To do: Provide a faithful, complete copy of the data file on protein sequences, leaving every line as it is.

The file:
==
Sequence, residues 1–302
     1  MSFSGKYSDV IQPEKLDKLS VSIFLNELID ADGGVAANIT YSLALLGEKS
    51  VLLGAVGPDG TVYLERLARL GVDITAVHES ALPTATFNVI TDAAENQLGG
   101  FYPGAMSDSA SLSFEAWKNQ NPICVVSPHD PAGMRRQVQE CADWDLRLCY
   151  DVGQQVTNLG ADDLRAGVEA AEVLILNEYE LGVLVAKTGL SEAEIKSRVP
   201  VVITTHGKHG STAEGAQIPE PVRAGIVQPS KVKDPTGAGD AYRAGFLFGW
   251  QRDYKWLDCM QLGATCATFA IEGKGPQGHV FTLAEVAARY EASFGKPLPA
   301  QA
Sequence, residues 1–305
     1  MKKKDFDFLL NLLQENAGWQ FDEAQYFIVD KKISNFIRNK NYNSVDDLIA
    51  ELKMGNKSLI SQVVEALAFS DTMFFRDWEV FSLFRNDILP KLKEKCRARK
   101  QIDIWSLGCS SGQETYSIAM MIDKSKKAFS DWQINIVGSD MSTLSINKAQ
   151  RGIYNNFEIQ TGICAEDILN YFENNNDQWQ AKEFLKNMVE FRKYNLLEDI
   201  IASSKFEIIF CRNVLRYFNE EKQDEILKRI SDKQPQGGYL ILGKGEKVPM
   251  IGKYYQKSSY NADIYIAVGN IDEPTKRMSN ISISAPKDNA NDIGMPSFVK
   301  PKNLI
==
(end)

Sequence, residues 1–302
     1  MSFSGKYSDV IQPEKLDKLS VSIFLNELID ADGGVAANIT YSLALLGEKS
    51  VLLGAVGPDG TVYLERLARL GVDITAVHES ALPTATFNVI TDAAENQLGG
   101  FYPGAMSDSA SLSFEAWKNQ NPICVVSPHD PAGMRRQVQE CADWDLRLCY
   151  DVGQQVTNLG ADDLRAGVEA AEVLILNEYE LGVLVAKTGL SEAEIKSRVP
   201  VVITTHGKHG STAEGAQIPE PVRAGIVQPS KVKDPTGAGD AYRAGFLFGW
   251  QRDYKWLDCM QLGATCATFA IEGKGPQGHV FTLAEVAARY EASFGKPLPA
   301  QA
Sequence, residues 1–305
     1  MKKKDFDFLL NLLQENAGWQ FDEAQYFIVD KKISNFIRNK NYNSVDDLIA
    51  ELKMGNKSLI SQVVEALAFS DTMFFRDWEV FSLFRNDILP KLKEKCRARK
   101  QIDIWSLGCS SGQETYSIAM MIDKSKKAFS DWQINIVGSD MSTLSINKAQ
   151  RGIYNNFEIQ TGICAEDILN YFENNNDQWQ AKEFLKNMVE FRKYNLLEDI
   201  IASSKFEIIF CRNVLRYFNE EKQDEILKRI SDKQPQGGYL ILGKGEKVPM
   251  IGKYYQKSSY NADIYIAVGN IDEPTKRMSN ISISAPKDNA NDIGMPSFVK
   301  PKNLI